Jakarta – Indonesia's parliament is to reconvene Monday to finalize new bills that will set the ground rules for elections in June and for the country's post-Suharto political life.
The Suharto-era parliament is racing against a January 28 deadline to complete fine-tuning the government-proposed bills so the country can prepare for general elections promised for June 7.
They will cover political parties – and how many of the more than 100 new parties that have blossomed since Suharto's fall in May will be able to run in June – the conduct of the polls and the composition of a new upper and lower houses.
But since the debate first began in November 17, the members of the 500-seat House of Representatives have been involved in acrimonious debate over several core issues, including civil servants' role in politics.
Also hotly disputed is the number of unelected seats to be allocated to the armed forces, a main pillar of the 32-year-long Suharto regime, or whether they should sit in the house at all.
In a high-level meeting between the government and senior legislators Friday, the two sides agreed to drop the issue of civil servants from the agenda, and leave it to a government regulation to be issued at a later date, the Jakarta Post said Saturday.
However, Abu Hasan Sazili from the ruling Golkar party, who also chairs the House Special Committee responsible for deliberating the bills, said the final decision on whether or not to put the issue on ice could only be made at the open session of a special committee meeting scheduled for Monday. "The results of (Friday's) meeting will first be forwarded to faction leaders and members," Sazili was quoted by the Post as saying.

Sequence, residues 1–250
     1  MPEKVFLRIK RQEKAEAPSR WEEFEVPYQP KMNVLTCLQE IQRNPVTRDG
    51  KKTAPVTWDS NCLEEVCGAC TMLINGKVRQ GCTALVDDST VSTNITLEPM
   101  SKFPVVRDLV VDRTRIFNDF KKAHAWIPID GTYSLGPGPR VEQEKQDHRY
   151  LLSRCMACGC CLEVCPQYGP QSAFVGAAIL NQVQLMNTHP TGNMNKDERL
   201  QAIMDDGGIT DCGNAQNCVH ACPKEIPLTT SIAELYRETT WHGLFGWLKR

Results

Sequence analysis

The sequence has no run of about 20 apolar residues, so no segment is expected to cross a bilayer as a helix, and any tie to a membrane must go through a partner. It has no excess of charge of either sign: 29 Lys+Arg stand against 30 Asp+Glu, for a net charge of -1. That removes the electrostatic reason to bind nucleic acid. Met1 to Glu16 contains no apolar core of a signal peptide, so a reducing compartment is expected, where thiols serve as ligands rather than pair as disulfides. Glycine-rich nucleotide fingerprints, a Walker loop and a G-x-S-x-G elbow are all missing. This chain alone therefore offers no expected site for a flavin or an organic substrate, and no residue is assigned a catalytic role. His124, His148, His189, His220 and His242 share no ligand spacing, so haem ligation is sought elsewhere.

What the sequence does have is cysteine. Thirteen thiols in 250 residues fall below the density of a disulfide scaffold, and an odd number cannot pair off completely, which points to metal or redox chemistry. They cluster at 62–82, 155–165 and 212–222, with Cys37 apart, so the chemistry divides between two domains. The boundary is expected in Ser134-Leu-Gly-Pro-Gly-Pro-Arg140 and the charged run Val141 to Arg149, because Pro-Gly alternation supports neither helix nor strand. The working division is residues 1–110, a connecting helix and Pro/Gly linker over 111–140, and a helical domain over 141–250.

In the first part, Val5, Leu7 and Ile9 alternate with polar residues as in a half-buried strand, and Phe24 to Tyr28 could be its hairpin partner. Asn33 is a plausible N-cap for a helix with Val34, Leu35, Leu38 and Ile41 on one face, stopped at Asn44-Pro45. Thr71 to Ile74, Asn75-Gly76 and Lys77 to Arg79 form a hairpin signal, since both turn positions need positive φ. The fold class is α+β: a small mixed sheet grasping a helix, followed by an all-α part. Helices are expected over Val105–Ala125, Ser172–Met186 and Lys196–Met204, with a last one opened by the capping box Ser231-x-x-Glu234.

Friday's three-hour meeting, dubbed "high-level (government) lobbying" by the press here, was attended by armed forces chief General Wiranto, Home Affairs Minister Syarwan Hamid, United Development Party (PPP) chairman Hamzah Haz and Golkar House faction leader Andi Mattalatta.
Golkar has been stubbornly rejecting a government suggestion that civil servants be allowed to run for election if they resign their government posts when elected, saying that barring them from joining political parties would violate their civil rights.
The minority Indonesian Democratic Party (PDI) had earlier argued against the suggestion but later shifted to backing the proposed bill. The PPP argues the army should return to the barracks and quit politics.
During Suharto's rule the ruling Golkar party received its main support from the block vote of bureaucracy and the military and their families, who helped it gain a landlside victory in every election.
Ryaas Rasyid, who chairs the government team that drafted the political bills, was quoted by the Post as saying the planned government regulation would stipulate if a civil servant wanted to join a political party, he or she "must take leave without state stipend or resign."
If followed, it would knock scores of ministers, including Golkar head and concurrently state secretary Akbar Tanjung, out of their government posts. Golkar deputy chairman Marzuki Darusman called the conditions unacceptable.
"We don't want that," Darusman said, adding the clause on "leave without the state stipend" required further clarification as a current government regulation says a civil servant with five years service can take up to four years unpaid leave for "important and urgent personal reasons".
Darusman argued that civil servants must not lose their "political rights" although Golkar agreed a neutral bureaucracy was vital for a free and fair election. A current law states that civil servants can hold membership or executive positions with political parties with the permission of their superiors.
On the military representation issue the government has reducing the seat allotment to 55 from the current 75 in a 550 seat house. Susilo Bambang Yudhoyono, chief of the armed forces territorial affairs bureau said earlier the military would accept whatever decision the House made.